On 21 January 1919, Sinn Féin MPs (who became known as Teachta Dála, TDs) refusing to sit in the British House of Commons at Westminster, assembled in Dublin and formed a single chamber Irish parliament called Dáil Éireann (Assembly of Ireland). It affirmed the creation of an Irish Republic and passed a Declaration of Independence, calling itself Saorstát Éireann in Irish. Although it was accepted by the overwhelming majority of Irish people, only Soviet Russia recognised the Irish Republic internationally.
The War of Independence was fought between the army of the Irish Republic, the Irish Republican Army (known now as the "Old IRA" to distinguish it from later organisations of that name), and the British Army of the United Kingdom. On 9 July 1921, a truce was declared. On October 11 negotiations were opened under British Prime Minister David Lloyd George and Arthur Griffith, who headed the Irish Republic's delegation. The Irish Treaty delegation set up Headquarters in Hans Place, Knightsbridge and on 5 December 1921 at 11:15 am it was decided by the delegation during private discussions at 22 Hans Place to recommend the Treaty to the Dáil Éireann; negotiations continued until 2:30 am on 6 December 1921 after which the Treaty was signed by the parties.
That these negotiations would produce a form of Irish government short of the independence wished for by republicans was not in doubt. The United Kingdom could not offer a republican form of government without losing prestige and risking demands for something similar throughout the Empire. Furthermore, as one of the negotiators, Michael Collins, later admitted (and he was in a position to know, given his role in the independence war), the IRA at the time of the truce was weeks, if not days, from collapse, with a chronic shortage of ammunition. "Frankly, we thought they were mad", Collins said of the sudden British offer of a truce, although it was likely they would have continued in one form or another, given the level of public support. The President of the Republic, Éamon de Valera, realising that a republic was not on offer, decided not to be a part of the treaty delegation and so be tainted by more militant republicans as a "sellout". Yet his own proposals published in January 1922 fell far short of an autonomous all-Ireland republic.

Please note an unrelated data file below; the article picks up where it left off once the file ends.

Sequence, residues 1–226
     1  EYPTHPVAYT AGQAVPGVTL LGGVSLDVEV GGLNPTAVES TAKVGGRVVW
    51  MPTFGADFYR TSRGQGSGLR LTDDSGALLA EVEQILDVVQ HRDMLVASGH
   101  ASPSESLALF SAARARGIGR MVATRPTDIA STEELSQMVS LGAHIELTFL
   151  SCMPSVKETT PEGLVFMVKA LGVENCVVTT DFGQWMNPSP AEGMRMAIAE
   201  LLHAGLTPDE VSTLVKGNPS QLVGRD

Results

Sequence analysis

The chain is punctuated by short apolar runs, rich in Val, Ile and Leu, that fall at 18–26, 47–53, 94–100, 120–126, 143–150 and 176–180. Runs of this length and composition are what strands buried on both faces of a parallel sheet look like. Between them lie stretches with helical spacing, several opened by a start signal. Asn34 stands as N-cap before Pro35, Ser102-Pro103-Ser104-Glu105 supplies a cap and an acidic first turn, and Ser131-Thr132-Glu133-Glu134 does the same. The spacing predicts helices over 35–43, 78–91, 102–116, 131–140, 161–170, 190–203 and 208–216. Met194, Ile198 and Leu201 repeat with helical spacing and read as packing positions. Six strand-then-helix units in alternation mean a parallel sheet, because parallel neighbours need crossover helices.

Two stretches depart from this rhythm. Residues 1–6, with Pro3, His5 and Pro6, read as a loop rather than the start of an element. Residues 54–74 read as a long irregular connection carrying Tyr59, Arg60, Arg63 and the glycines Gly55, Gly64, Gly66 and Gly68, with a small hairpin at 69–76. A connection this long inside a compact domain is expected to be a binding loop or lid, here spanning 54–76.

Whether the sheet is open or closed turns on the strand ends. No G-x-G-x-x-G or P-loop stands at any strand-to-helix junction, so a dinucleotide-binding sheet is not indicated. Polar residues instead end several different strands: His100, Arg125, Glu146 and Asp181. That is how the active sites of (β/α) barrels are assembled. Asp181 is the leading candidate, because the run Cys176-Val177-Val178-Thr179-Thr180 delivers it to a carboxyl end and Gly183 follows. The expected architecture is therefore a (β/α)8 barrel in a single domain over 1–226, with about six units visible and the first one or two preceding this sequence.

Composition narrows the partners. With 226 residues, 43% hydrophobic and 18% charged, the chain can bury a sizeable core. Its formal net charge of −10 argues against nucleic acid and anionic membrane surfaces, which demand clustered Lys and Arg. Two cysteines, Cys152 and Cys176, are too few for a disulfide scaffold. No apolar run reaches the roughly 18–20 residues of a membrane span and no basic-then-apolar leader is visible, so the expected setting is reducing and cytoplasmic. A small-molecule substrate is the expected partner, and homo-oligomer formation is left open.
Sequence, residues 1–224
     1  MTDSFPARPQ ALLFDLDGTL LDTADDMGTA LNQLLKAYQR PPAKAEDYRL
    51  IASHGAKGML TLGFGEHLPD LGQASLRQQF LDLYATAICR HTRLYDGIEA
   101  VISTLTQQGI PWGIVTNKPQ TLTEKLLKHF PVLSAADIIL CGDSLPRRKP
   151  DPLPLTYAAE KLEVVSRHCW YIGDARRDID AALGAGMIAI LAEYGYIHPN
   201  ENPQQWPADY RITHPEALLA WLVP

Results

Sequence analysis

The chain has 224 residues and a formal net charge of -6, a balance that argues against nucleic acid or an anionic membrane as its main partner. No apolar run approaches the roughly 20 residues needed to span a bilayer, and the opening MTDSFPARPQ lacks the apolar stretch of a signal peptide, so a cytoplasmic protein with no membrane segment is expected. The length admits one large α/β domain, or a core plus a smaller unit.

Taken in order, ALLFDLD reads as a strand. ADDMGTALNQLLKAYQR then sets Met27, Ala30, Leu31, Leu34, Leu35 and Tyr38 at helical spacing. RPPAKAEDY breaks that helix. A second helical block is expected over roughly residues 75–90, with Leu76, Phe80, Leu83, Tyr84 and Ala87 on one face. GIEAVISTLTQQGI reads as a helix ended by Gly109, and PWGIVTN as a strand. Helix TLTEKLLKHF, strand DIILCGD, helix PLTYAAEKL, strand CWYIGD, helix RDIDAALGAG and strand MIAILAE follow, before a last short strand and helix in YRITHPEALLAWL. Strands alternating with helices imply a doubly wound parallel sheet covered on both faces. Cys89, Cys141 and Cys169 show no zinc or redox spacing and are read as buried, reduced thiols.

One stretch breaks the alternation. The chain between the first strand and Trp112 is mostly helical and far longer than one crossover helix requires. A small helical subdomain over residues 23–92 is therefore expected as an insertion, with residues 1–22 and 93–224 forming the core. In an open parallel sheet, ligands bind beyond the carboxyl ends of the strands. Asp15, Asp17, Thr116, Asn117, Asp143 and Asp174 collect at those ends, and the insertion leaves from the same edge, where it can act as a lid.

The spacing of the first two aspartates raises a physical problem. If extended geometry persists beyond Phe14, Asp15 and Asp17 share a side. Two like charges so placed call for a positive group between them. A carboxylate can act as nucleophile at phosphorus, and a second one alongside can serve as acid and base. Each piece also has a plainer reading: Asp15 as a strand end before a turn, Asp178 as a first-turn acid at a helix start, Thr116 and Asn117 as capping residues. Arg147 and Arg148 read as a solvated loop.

As expected, the Anglo-Irish Treaty explicitly ruled out a republic. What it offered was dominion status, as a state of the British Empire, equal to Canada, Newfoundland, Australia, New Zealand and the Union of South Africa. Though less than expected by the Sinn Féin leadership, it was substantially more than the initial form of home rule within the United Kingdom sought by Charles Stewart Parnell from 1880, and a serious advancement on the Home Rule Act of 1914 that the Irish nationalist leader John Redmond had achieved through parliamentary proceedings. It was ratified by the Second Dáil, splitting Sinn Féin in the process.
Governmental and constitutional structuresEdit